Mark Hayward's City Matters: More light than heat at doughnut gang meetings
RAY WIECZOREK HAS certainly sat through his share of meetings.
As mayor during the 1990s he banged the gavel at City Hall, keeping aldermen and city officials focused on the machinations of municipal government.
Then for the last 11 years, he sat alongside Govs. Craig Benson and John Lynch as an executive councilor, a quirky New Hampshire job that brings five mini-governors together every month to ink contracts and confirm appointments to high-level state jobs.
But for the past 10 years or so, most meetings of Ray Wieczorek haven't been of the Roberts-Rules-of-Order variety. Rather, many mornings you can find him with his doughnut gang - a group of contemporaries who sit at the Dunkin' Donuts at the corner of Webster Street and Hooksett Road.
Politics gets discussed, of course, along with the weather, the Red Sox and the latest maladies of aging gang members.
"He has a very good sense of humor, and he can laugh at himself," said Karen Sheehan-Lord, a retired Central High School art teacher. "He's just a nice man. You can talk to him and reason with him."
Sheehan-Lord emphasizes reason because many of Wieczorek's doughnut gang are self-described liberal Democrats. And some of them are teachers or retired teachers like Sheehan-Lord, who 20 years ago picketed Wieczorek, a loyal Republican, over school spending and teacher contracts.
"We appreciate getting the view from the right, even if it's wrong," said Patrick McKeown, a Central teacher who is about the only gang member still working. A special-education teacher, McKeown quips that his job with challenged students equips him for dealing with the group.
McKeown said most of the regulars know each other from the same North End circles - dinner at the Puritan Backroom, Sunday Mass at St. Catherine of Siena, groceries at the Bicentennial Drive Hannaford.
Had the North End Dunkin' Donuts been a normal version of this city's much-loved franchise, it's likely the doughnut gang would have never gotten together. But the gang's small dining area is only about 50 square feet in size, too small for booths but amenable to small circular tables that invite the rearrangement of chairs, along with friendships.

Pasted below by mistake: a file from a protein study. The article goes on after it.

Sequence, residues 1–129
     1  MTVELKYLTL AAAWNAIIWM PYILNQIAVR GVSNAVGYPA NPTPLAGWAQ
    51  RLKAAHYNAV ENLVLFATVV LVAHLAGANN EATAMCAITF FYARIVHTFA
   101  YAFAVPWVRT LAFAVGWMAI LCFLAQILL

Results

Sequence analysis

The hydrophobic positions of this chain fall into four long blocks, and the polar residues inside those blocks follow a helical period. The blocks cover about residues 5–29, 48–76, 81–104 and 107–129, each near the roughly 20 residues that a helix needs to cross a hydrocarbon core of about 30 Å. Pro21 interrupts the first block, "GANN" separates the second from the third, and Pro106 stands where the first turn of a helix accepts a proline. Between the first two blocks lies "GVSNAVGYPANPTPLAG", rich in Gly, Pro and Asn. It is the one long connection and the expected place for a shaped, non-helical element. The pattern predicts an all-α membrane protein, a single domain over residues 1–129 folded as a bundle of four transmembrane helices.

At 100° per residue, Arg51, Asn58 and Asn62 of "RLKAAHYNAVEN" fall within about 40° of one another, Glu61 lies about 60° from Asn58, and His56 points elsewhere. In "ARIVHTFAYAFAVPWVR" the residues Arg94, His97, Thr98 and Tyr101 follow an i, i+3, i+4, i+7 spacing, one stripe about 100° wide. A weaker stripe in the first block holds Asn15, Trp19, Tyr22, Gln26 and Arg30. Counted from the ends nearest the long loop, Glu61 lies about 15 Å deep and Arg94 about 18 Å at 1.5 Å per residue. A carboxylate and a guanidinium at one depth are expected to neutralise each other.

Wieczorek started patronizing the Dunkin' Donuts about 10 years ago, after leaving the mayor's office. At first, Wieczorek gravitated toward the more Republican regulars, such as Manchester lawyer Jack Shea.
But he eventually landed in the orbit of a table that included Sheehan-Lord, her husband, Bob Lord (retired Central history teacher), McKeown, George Tosatti (retired hospital administrator) and John Hussey, the former Central Latin teacher and New Hampshire Sunday News sports columnist who died in 2008.
"He's basically surrounded by Democrats," Lord said. "It's how he learned to work across the table with (Democratic Gov.) John Lynch."
After the 2008 death of Wieczorek's wife, Susan, he started appearing more frequently.
"I think he finds companionship here, in all honesty," Shaheen-Lord said. "It seems he comes here to relax and enjoy himself."
They like to rib him, for example, over his name being attached to the turnpike toll-evading Ray Wieczorek Drive or strange Republican ideas such as the birther conspiracy.
The gang said Wieczorek toes the Republican Party-line in their tete-a-tetes. And he rarely discusses Executive Council matters before meetings. The one exception was clemency for convicted murder Pam Smart, which he opposed.
McKeown said he understands Republican thinking after spending years with Wieczorek, and he thinks vice-versa with him. Rarely are tempers stoked or minds changed. "We shed more light here than heat," McKeown said.
For his part, Wieczorek, who is 84, calls his friends a good bunch.
"They're my Dunkin' Donut buddies," he said in a telephone interview Wednesday, worrying that one - Ned Gelinas - was due for a heart bypass operation today.
Lord said he holds no hostility against Wieczorek for past political brawls. For one, Wieczorek campaigned promising he would say no to interest groups. Second, he blames Wieczorek's former aide, Rich Girard, for a lot of the hostility of the Wieczorek years.
Has politics changed today? Lord says it has: Congressmen fly into Washington on Tuesday and out on Thursday, making personal contact among rival camps less likely. And I can't envision a future coffee klatch between Lynch and outgoing House Speaker Bill O'Brien.
But locally? As Wieczorek and his gang show, love of city can transcend politics.
One day, Mayor Ted Gatsas may pal around with parent-group detractors (whether in costume or out) and the teachers union. And if they do so, it may very well be at the Dunkin' Donuts, corner of Webster Street and Hooksett Road.
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Mark Hayward's City Matters appears in Thursday editions of the New Hampshire Union Leader and UnionLeader.com. He can be reached at firstname.lastname@example.org.
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